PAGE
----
ARLINGTON, Texas, April 28, 2013 (GLOBE NEWSWIRE) — Grooming can improve more than a dog’s looks, especially as the weather begins to heat up. According to Dr. Roy Gully of Gully Animal Hospital, a clinic offering dog grooming in Arlington, it can provide significant health and wellness benefits, from detection of skin conditions to possible prevention of heat stroke in shaggier or more heat-sensitive animals. “We want people to know that regular veterinary grooming and wellness checks can help their dogs feel more comfortable and enjoy a lifetime of better health,” Dr. Gully says.
Grooming encompasses a variety of procedures aimed at improving a hygiene, health, and comfort level. These services typically including bathing, brushing and trimming of hair, cleaning of the ears and face, nail trimming and other essentials. Gully Animal Hospital relies on the services of three experienced staff groomers, Brandy Boren, Cynthia Tilotta, and Cassandra Willenburg.
“Keeping groomers on staff at the veterinary facility means that they can alert us to any health issues that may turn up during a grooming sessions,” says Dr. Gully. “This makes the grooming sessions an invaluable part of wellness care.” He explains that routine bathing or hair trimming, for example, can reveal fleas, skin tumors or dermatitis, all of which require veterinary attention. Similarly, inspection and cleaning of the ears can alert the groomers to the presence of mites or other pests. The vet team can then prescribe the appropriate medications or other treatments to cope with the issue.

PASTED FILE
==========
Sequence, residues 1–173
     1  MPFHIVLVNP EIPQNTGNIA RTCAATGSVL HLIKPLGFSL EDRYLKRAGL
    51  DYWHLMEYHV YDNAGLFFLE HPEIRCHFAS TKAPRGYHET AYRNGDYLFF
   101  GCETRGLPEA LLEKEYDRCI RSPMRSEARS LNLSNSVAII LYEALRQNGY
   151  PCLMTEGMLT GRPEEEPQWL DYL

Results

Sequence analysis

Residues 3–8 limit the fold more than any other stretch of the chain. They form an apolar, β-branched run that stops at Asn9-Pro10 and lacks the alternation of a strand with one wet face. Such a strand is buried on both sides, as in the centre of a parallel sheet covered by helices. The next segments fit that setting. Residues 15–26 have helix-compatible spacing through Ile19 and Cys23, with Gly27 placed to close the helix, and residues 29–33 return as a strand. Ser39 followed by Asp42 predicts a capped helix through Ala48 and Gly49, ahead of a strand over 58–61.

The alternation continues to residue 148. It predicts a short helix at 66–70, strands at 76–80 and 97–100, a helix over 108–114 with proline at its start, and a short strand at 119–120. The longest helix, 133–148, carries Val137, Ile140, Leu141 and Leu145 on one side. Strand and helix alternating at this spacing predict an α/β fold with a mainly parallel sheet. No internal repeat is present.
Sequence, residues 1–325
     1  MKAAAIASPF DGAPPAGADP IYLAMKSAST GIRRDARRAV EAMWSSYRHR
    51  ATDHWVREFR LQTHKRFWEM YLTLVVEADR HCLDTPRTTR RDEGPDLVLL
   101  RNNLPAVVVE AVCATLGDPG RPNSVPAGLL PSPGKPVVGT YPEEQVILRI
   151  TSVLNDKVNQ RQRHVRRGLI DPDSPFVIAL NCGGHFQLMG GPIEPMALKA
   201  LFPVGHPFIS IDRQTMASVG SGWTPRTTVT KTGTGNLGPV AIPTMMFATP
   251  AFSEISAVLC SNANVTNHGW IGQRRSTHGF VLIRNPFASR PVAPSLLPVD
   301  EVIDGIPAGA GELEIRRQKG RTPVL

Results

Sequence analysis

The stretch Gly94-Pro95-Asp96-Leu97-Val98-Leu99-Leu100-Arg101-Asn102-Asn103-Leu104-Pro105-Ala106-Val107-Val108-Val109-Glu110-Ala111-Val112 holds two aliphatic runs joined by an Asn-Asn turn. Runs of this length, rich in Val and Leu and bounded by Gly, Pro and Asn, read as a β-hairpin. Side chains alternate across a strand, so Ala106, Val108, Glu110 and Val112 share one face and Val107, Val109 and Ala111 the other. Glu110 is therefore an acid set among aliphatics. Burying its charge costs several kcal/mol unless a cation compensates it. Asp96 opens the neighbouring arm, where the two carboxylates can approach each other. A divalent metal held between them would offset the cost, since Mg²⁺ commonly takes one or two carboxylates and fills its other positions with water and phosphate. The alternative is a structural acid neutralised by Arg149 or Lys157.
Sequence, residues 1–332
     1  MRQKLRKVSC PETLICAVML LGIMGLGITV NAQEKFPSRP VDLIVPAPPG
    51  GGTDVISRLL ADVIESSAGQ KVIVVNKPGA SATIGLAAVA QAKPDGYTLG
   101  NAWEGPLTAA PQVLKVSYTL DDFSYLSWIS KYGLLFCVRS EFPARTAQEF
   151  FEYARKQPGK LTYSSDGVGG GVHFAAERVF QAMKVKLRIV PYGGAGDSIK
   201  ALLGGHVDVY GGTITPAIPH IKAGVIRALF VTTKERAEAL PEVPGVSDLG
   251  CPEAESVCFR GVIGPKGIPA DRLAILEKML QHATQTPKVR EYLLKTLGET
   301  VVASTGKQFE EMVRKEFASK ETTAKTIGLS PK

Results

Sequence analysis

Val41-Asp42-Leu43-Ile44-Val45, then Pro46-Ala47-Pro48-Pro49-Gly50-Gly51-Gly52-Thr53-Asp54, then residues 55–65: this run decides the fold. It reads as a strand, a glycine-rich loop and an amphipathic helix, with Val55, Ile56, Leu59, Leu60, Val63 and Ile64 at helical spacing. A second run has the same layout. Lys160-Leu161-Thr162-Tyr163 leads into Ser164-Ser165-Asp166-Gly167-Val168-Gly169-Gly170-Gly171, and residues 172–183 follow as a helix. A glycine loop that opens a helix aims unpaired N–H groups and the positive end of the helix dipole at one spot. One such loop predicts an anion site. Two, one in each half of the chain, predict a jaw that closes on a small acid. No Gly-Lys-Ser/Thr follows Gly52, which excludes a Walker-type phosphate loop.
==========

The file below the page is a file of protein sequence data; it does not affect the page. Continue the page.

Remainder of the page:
Bathing also removes oils and dead skin cells that attract bacteria, while brushing and trimming remove matted clumps of hair that can cause the pet discomfort. Dr. Gully adds that nail trimming is another grooming measure that can help ensure pet health. Nails that are overgrown can be prone to catching, cracking, or tearing away from the cuticle, leading to painful toes and possible complications such as bacterial infection.
The approach of warmer weather makes grooming an even more urgent matter. “Dogs covered with shaggy coats can really suffer when it gets hot,” notes Dr. Gully, “and in the worst case scenario, they can succumb to heat stroke.”
Heat stroke is a condition in which excessive heat, coupled with insufficient shade and/or water, causes an animal’s body temperature to swing out of control. This condition can easily prove fatal. “Some breeds face a greater risk of heat stroke than others,” says the veterinarian, citing dogs who sport double coats or especially thick hair as examples. The groomers can perform shaves or cuts that provide much-needed comfort and cooling. “Arlington can get really hot, so we frequently recommend this procedure to help pets beat the heat,” he says.